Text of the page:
Jillian Bandes

The current House budget bill contains legislation that would apply reconciliation to the issues of cap-and-trade and health care. The Senate budget bill has no such provision, but when the House and Senate bills are combined for final passage, the Senate will negotiate the final version in a Committee meeting, behind closed doors. Senate Democrats have expressed openness to including reconciliation in the bill, meaning that the possibility of including the measure is real. There's no way for the minority to fight it.

Eight Senate Democrats signed a letter opposing the use of reconciliation for policy issues in addition to financial issues. From Senator Kent Conrad, (D-Neb.): “I have said publicly and privately what I believe. I don't believe reconciliation was ever intended for the purpose of writing this kind of substantive reform legislation such as health care reform, such as climate change.”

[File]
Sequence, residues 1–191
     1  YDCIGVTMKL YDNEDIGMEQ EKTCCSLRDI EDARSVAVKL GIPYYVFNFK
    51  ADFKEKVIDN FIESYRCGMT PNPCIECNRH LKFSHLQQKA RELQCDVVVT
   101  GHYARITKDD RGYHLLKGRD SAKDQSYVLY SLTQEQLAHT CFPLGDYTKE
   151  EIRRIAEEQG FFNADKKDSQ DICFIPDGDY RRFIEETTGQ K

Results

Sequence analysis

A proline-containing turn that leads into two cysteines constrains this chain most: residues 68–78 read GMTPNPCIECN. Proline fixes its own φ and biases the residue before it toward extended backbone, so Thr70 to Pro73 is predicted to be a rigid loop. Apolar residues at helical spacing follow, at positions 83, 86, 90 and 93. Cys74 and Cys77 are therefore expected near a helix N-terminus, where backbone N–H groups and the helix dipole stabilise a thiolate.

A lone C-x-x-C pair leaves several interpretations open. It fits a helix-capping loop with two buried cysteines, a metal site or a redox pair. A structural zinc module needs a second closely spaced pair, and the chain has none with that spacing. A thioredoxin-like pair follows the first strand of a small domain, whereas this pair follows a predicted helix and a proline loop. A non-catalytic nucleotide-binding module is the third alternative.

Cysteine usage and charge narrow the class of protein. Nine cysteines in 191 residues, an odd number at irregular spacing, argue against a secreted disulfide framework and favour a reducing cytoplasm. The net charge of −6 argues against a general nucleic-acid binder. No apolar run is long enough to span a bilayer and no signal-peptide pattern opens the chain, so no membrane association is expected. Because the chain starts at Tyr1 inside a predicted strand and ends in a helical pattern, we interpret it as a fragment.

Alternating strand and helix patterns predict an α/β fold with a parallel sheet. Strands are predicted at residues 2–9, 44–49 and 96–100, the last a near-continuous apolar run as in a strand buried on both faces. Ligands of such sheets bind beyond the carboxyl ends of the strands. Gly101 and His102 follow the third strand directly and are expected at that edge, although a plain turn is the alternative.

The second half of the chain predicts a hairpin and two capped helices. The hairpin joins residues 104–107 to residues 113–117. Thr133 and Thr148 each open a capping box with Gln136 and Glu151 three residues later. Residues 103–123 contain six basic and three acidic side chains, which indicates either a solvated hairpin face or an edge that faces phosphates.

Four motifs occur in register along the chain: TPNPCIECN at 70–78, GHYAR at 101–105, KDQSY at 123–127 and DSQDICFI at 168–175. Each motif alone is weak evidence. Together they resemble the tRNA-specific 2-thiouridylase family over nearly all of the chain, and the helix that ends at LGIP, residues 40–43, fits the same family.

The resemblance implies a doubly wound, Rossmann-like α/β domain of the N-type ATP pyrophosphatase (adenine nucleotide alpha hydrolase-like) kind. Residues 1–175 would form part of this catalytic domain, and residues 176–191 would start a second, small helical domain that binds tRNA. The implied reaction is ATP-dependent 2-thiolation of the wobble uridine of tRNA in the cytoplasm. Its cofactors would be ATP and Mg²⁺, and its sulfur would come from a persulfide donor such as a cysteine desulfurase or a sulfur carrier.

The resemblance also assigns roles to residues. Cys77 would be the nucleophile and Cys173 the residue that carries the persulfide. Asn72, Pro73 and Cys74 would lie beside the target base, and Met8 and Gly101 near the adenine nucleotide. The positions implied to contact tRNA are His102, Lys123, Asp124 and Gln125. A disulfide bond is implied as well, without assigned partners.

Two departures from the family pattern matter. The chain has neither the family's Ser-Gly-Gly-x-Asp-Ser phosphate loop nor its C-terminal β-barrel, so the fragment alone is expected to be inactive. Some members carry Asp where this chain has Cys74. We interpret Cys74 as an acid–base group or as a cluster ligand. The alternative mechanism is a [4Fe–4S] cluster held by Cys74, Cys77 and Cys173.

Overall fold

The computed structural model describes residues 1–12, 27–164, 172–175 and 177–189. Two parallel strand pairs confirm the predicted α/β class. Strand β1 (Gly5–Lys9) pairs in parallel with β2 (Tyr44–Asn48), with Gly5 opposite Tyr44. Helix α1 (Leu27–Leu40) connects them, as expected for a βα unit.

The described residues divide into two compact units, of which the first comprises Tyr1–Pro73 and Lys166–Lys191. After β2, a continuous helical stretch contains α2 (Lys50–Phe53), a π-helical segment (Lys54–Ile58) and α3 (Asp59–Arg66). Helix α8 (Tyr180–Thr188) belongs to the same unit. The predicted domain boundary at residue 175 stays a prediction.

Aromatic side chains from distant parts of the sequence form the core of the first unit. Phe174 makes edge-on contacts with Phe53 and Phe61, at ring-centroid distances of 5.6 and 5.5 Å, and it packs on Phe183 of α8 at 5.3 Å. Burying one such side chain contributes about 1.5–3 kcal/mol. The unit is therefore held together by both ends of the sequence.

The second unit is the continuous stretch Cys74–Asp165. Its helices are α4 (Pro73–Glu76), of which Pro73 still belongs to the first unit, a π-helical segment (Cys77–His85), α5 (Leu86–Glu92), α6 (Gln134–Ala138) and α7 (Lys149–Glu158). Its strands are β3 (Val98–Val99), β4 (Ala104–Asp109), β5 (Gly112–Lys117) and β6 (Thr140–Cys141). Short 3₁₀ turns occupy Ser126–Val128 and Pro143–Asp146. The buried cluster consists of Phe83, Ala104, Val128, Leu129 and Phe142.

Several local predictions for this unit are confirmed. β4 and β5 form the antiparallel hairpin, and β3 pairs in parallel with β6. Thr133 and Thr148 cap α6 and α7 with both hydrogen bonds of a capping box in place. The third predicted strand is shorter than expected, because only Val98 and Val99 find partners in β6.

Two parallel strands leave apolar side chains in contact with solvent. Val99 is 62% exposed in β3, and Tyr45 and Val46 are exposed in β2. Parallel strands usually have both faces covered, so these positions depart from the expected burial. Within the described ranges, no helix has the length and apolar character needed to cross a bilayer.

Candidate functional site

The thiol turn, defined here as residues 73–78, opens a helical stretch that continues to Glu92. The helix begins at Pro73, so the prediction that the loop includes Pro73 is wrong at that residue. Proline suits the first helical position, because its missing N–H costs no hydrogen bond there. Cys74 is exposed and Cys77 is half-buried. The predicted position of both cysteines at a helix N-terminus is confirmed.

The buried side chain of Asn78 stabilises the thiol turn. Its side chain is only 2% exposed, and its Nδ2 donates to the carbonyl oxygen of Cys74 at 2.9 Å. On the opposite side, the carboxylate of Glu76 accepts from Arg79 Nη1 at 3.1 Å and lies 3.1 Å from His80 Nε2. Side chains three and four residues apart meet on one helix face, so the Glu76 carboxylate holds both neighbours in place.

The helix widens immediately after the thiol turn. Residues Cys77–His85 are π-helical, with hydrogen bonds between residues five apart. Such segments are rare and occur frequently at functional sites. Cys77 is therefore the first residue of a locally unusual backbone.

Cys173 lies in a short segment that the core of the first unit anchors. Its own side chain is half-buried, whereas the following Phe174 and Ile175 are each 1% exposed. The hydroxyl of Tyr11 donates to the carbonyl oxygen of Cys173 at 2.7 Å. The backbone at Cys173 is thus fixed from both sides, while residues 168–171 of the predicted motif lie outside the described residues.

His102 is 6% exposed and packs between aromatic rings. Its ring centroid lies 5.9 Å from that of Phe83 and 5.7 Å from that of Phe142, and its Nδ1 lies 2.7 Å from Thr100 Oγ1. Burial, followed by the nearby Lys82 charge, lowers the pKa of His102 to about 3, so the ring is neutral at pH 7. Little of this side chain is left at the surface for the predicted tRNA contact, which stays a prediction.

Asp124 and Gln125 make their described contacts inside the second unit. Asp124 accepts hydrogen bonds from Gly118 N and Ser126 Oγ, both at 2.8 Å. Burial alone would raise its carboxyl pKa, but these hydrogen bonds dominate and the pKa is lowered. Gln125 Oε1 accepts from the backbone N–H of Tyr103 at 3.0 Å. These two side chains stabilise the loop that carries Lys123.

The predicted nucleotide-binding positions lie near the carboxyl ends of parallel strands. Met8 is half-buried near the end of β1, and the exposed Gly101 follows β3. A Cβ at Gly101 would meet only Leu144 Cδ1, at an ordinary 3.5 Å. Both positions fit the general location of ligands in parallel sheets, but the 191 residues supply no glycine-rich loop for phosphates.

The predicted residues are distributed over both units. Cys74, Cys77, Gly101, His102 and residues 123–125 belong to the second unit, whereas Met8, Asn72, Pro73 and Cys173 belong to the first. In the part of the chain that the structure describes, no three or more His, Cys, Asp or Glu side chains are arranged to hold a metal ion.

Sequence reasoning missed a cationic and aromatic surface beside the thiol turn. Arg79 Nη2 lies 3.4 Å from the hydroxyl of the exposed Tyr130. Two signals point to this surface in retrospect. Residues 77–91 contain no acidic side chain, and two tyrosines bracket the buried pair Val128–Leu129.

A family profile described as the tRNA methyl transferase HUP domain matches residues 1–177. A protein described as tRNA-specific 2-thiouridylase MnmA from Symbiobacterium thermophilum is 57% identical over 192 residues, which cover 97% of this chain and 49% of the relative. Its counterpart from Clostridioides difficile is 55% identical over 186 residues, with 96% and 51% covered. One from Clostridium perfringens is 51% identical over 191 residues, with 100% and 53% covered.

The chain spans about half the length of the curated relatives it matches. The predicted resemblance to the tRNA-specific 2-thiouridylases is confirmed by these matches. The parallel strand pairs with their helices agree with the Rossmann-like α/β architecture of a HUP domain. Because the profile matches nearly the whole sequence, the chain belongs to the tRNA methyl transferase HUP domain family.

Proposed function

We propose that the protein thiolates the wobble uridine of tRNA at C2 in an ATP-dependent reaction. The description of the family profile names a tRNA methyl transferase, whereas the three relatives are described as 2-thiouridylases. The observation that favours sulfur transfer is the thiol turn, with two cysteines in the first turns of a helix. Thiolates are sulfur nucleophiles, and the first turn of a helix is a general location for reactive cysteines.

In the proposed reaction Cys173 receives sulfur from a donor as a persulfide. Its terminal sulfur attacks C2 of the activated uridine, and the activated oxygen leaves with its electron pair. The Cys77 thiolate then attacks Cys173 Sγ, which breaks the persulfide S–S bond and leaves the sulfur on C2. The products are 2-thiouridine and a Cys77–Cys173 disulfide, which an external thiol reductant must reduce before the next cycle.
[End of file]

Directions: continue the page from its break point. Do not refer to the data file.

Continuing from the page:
Sen. Byrd, one of the authors of the reconciliation amendment, told the Post: "I am certain that putting health-care reform and climate change legislation on a freight train through Congress is an outrage that must be resisted.”

Brian Darling, director of Senate relations at the Heritage Foundation, speculates that Congress may have reached a "breaking point" where reconciliation is viewed as simply another parliamentary procedure.

But that's not the way it should be. The point of the American system is that not everyone agrees on policy, including cap-and-trade and health care. What is vitally important to some may not be vitally important to all, and the Senate supermajority ensures that enough people are in agreement for a proposal to become public law.

Eliminating this supermajority when such crucial legislation as climate change and cap-and-trade are at stake is worse than a simply cheap shot by the majority party. It's worse than changing the rules after the game has already begun.

Eliminating the supermajority is tyranny of the majority in the worst way. It makes a mockery of the way legislation is debated and voted upon in a Democratic society, and is a threat to the system of governance that has made America the leader of the free world.


Jillian Bandes

Jillian Bandes is the National Political Reporter for Townhall.com